At 6.31 a.m. on Tuesday, December 8, 2020, the UK became the first country in the world to administer the COVID-19 vaccine. Just over five months earlier, I had been deployed to the NHS England and NHS Improvement COVID-19 vaccination programme to help drive the highly complex design and planning needed to bring the nation to this point. My role involved leading the set up and embedding of the Estates, Equipment, Consumables, and Logistics workstream. The purpose of this was to establish and combine the new and existing infrastructure required in England to manage the distribution, regulation, and administration of multiple vaccines so that all systems would be ready to vaccinate on the 'go-live' date.
These vaccines, although now known throughout the world, at the time had new and emerging vaccine characteristics that were still being determined. For example, we knew that some of these vaccines, such as the Pfizer jab, would have to be kept at uncommonly ultra-low temperatures across its distribution while managing minimum waste.
It was an immense logistical and technical effort to pull the programme together and had it not been for the working practices mandated by the COVID-19 lockdown, our achievements would have been made even more difficult. So, what changed over the pandemic to allow this to happen?
COVID-19 ushered in the advanced use of technologies to serve real-time communications and decisionmaking in the workplace.Share on Twitter
First, COVID-19 ushered in the advanced use of technologies to serve real-time communications and decisionmaking in the workplace. Many different agencies, professions, and working cultures were involved in the vaccination programme and yet all were united by common platforms with which to manage meetings, documents, and communications.
This was not without its challenges, but it did provide a tremendous opportunity to expedite the efforts within the programme. My colleagues and I could often be simultaneously presenting and 'chatting' to a national crowd of professionals located across the country on one platform, while using a texting app with programme colleagues on another, and with any spare hand we'd be responding to texts and checking emails to prioritise workstream issues.
The second factor that helped us achieve our aims was that we were able, through the norm of virtual working, to maintain critical safety in critically unsafe times. I worked with and recruited the best supply chain leads from across the country to deliver the design and planning stages of the programme. The geographic location of candidates was not an obstacle; there was no need for them to travel to an HQ, although we had one for the purpose. This meant that I could cast the net wide across the nation in bringing in experts and leaders. It meant that we could be nimble and that we were not confined in our ways of working.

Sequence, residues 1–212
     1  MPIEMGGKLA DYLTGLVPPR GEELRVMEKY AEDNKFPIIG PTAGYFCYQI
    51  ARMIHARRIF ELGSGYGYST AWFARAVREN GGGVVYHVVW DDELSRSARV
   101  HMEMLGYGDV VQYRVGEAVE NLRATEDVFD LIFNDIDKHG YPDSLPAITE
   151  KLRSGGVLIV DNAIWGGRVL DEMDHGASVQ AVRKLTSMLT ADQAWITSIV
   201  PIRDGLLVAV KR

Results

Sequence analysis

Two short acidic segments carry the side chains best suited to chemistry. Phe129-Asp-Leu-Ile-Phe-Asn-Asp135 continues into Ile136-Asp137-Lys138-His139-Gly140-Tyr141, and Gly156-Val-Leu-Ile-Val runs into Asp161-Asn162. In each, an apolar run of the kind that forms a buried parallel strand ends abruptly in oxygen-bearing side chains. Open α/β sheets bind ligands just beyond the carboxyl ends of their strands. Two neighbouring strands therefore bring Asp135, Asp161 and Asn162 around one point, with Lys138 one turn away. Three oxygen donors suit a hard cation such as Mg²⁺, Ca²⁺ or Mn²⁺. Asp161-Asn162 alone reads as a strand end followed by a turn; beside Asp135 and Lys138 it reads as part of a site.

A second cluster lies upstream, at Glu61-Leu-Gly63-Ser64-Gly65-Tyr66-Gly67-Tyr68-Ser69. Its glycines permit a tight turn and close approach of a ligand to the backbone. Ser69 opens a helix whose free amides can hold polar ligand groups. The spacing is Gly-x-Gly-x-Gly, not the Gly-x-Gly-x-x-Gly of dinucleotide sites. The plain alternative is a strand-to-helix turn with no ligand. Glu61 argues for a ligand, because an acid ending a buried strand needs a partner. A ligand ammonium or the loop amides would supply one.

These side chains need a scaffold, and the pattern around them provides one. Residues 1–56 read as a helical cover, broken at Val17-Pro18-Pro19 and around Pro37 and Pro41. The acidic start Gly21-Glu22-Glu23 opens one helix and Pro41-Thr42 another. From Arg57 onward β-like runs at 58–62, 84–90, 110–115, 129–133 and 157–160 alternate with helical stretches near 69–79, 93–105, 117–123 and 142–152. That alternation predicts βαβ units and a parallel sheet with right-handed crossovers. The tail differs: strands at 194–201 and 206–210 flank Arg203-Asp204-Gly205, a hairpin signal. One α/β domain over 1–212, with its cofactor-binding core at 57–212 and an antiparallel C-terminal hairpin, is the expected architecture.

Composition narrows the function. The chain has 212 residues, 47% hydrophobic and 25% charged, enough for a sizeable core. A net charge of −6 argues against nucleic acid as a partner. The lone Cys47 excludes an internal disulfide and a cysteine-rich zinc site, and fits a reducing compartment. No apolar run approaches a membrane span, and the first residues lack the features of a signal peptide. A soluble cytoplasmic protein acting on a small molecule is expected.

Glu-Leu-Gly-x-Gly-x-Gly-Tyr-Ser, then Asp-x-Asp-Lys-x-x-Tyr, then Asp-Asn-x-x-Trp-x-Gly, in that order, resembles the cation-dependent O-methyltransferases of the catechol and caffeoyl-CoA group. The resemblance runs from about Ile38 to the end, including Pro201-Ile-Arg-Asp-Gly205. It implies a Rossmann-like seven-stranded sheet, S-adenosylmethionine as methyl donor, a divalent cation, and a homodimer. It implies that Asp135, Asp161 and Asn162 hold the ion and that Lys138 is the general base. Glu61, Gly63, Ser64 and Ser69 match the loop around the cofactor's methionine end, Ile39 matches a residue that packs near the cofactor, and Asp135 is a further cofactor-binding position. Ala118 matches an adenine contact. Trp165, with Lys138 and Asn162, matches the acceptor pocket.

The same applied for national groups led by experts and their teams who came together across the health regions to lead on programme-wide regulation, governance, and the set-up of the proposed models. Everyone worked together safely, often in their own homes, and always cognisant of social distancing—even in an office we could all be at separate workstations, yet in the same meeting.
Of course, not all ways of working can be adapted virtually. We were, by the programme's very nature, designing a physical vaccination, not a virtual jab. This meant that stress testing the planning and physically assessing how our plans across the programme fitted together were inevitable.
For instance: what were the access arrangements; how could people flow through sites in a clinically safe way; and how could site storage and facilities management be accomplished? This necessitated safety-conscious travel and congregation from time to time. Distribution to vaccination start-up centres also required someone physically present to intercept equipment and set up apparatus, as did a physical review of site governance.
Our virtual efforts to protect the physical world from COVID-19 are beginning to pay off. Since December 2020, rising numbers of the UK population have now been vaccinated and more in-person interaction beckons. However, working culture for some has changed indelibly during this period. Lockdown provided benefits that aided the establishment of the vaccination programme, and as such are being embraced by many in this new way of working.
Michael Whitmore is a research leader in health, wellbeing, and work at RAND Europe. He was deployed to the NHS England and NHS Improvement COVID-19 vaccine programme in 2020 as the Estates, Equipment, Consumables, and Logistics workstream leader.
This commentary originally appeared on Workplace Insight on May 13, 2021. Commentary gives RAND researchers a platform to convey insights based on their professional expertise and often on their peer-reviewed research and analysis.